Franklin & Marshall College Franklin & Marshall College

The Articulation Problem

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By Christian S. Hartranft '12, Post-Graduate Fellow

In a recent presentation to Franklin & Marshall students, faculty, and professional staff, Phil Gardner, Ph.D., director of the Collegiate Employment Research Institute at Michigan State University, showed the audience a hierarchy of the experiences that employers value and want young job applicants to have:

  • Phil Gardner employers what counts slide
  • Image courtesy of Phil Gardner, Michigan State University

To those of us in higher education (and the liberal arts in particular) who de-emphasize pre-professionalism while stressing the importance of academic accomplishment, research with faculty, exposure to foreign cultures, and work in the community, this list is somewhat disconcerting. Can it really be true that if students merely have an internship or two, they will be just as likely to secure a job after graduation as if they managed a complex project with a faculty member, were leaders in their student organizations, worked on complex social issues through civic outreach, and/or studied abroad?

The answer, of course, is more complicated than that. As Dr. Gardner emphasized in his presentation, employers look for skills and competencies in addition to specific experiences on an applicant’s resume. These abilities (like effective communication, time management, and critical thinking) are the foundation of a liberal arts education, developed and cultivated through internships and other workplace experiences, of course, but also (and often more so) through the seven other items on the list above. Why, then, do employers place more value on the single experience of an internship?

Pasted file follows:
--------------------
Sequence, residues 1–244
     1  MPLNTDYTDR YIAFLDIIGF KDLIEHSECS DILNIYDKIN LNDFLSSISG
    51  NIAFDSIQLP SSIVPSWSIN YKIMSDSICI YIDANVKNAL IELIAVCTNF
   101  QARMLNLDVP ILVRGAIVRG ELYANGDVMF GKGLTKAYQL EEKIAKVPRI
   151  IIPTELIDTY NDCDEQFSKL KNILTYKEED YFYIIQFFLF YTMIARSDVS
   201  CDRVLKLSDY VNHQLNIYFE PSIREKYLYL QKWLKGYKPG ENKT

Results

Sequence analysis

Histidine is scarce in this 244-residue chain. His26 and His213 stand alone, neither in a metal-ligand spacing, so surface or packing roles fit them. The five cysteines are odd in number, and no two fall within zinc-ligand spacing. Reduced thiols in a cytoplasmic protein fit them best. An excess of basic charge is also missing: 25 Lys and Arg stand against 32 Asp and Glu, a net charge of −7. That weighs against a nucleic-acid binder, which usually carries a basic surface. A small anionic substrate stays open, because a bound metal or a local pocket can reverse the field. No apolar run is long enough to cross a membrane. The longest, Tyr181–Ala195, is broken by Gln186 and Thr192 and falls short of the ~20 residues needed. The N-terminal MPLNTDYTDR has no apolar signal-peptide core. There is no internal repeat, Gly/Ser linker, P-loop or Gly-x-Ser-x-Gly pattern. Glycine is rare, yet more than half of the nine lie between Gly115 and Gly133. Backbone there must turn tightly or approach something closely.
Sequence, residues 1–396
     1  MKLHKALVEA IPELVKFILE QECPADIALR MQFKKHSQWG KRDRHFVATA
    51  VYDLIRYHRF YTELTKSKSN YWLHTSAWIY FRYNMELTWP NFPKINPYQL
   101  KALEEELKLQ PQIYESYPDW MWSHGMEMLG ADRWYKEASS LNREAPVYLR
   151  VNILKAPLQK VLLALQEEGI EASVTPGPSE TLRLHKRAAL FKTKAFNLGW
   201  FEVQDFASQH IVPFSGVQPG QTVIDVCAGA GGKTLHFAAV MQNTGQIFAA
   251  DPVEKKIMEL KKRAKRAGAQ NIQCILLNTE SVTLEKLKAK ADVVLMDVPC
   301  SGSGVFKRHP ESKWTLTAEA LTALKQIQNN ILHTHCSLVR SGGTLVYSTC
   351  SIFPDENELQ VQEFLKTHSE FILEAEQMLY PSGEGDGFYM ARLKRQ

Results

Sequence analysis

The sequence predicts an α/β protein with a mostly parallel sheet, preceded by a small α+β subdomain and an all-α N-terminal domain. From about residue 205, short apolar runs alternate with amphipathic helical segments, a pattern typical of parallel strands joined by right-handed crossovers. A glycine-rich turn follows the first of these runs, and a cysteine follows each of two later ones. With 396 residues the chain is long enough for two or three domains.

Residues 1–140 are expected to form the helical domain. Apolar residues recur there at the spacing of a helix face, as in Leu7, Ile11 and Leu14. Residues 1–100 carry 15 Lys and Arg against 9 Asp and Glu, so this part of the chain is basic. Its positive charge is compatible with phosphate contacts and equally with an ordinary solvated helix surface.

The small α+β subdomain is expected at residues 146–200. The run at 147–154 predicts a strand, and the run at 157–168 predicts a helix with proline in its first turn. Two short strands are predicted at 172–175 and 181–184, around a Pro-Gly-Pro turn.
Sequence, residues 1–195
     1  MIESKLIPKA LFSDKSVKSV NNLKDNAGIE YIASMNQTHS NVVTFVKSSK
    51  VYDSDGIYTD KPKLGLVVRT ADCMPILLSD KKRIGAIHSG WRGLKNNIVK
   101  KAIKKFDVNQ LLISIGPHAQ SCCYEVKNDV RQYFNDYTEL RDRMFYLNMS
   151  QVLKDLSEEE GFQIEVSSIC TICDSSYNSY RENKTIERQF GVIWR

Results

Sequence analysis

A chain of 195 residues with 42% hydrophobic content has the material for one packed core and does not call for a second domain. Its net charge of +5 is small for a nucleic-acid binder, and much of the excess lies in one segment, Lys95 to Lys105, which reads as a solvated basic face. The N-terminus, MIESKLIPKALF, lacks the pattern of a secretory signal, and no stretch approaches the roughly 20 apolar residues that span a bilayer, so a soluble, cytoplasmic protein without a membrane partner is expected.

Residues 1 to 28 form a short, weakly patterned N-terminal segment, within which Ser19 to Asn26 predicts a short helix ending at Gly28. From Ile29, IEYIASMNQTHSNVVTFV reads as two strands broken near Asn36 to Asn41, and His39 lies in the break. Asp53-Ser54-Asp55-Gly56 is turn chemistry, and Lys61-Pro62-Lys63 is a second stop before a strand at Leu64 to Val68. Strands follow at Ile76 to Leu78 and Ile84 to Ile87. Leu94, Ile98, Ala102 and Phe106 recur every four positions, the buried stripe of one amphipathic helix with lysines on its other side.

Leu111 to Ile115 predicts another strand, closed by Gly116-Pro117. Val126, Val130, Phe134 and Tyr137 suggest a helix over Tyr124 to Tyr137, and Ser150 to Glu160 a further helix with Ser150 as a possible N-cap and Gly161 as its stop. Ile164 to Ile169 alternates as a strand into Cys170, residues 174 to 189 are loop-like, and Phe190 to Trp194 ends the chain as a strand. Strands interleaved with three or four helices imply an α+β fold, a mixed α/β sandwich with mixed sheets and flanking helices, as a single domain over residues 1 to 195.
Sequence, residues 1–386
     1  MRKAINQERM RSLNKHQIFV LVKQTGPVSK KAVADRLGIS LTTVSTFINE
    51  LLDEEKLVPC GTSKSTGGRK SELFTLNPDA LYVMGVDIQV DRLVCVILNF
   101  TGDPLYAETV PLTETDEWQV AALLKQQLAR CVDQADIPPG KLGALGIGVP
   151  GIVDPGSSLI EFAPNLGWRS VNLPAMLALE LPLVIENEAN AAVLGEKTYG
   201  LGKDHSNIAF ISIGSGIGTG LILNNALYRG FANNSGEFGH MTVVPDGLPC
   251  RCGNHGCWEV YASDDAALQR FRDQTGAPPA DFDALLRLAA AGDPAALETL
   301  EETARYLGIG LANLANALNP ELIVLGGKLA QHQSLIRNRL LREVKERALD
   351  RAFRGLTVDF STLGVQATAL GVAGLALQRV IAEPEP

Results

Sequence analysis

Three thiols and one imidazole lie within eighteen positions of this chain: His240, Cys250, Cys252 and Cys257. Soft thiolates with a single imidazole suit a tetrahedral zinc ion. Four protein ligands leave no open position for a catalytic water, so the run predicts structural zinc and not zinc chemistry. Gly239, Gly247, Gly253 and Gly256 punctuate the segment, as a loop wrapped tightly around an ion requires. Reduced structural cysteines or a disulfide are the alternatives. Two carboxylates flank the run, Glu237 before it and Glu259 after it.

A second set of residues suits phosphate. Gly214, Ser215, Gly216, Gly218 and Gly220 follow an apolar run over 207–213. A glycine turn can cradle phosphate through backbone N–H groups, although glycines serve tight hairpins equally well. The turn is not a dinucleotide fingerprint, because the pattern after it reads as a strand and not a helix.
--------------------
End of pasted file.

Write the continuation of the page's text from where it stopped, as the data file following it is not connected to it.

The issue is one of articulation. Internships are often self-explanatory to an employer who knows what an applicant did as a part of that experience and can deduce the skills and competencies he or she developed as a result. Students are also often able to effectively explain how an internship experience directly relates to their ability to succeed in the position they are applying for. Study abroad and research with faculty, on the other hand, are a little more nuanced and unfamiliar to potential employers. Dr. Gardner indicated that students are often unable to explain in an interview or cover letter how those experiences make them a qualified applicant, and employers are then left to wonder about their importance if not ignore them completely.

But these experiences are what contribute to a student’s holistic development, aiding in their acquisition of the key skills and competencies employers say they are looking for. Study abroad increases cultural understanding; research forces students to manage projects independently; civic engagement creates opportunities to develop creative solutions to real world problems; and campus leadership develops management and team-building abilities that lend themselves tremendously to any future job or position within an organization. There is tremendous value in these experiences; students just need to be able to effectively articulate that value through their written and oral presentations to employers. Internships are not objectively more important, they are simply perceived as such due to an articulation gap.

All of this is not to say that internships lack value. Internships are incredibly important, helping students to more fully understand how organizations function and giving them the opportunity to learn specific workplace skills. In fact, internships are probably more important than ever, taking the place, according to Dr. Gardner, of what we used to consider entry-level positions (introductory jobs now require higher skill sets that employers expect applicants to possess  from their prior experiences). The value in such an undertaking is just more obvious, artificially inflating its importance to those who are really seeking the most qualified applicants in terms of skills and competencies, not specific experiences.

There is incredible value in a liberal arts education. If students are able to articulate that value, they will be better situated to compete for the opportunities that they seek and employers will be better situated to hire the best applicants for their positions. It is the responsibility of higher education professionals – faculty and staff alike – to help students understand how their experiences in and out of the classroom are aiding in their holistic development. Colleges, students, and employers will be infinitely better off for it.

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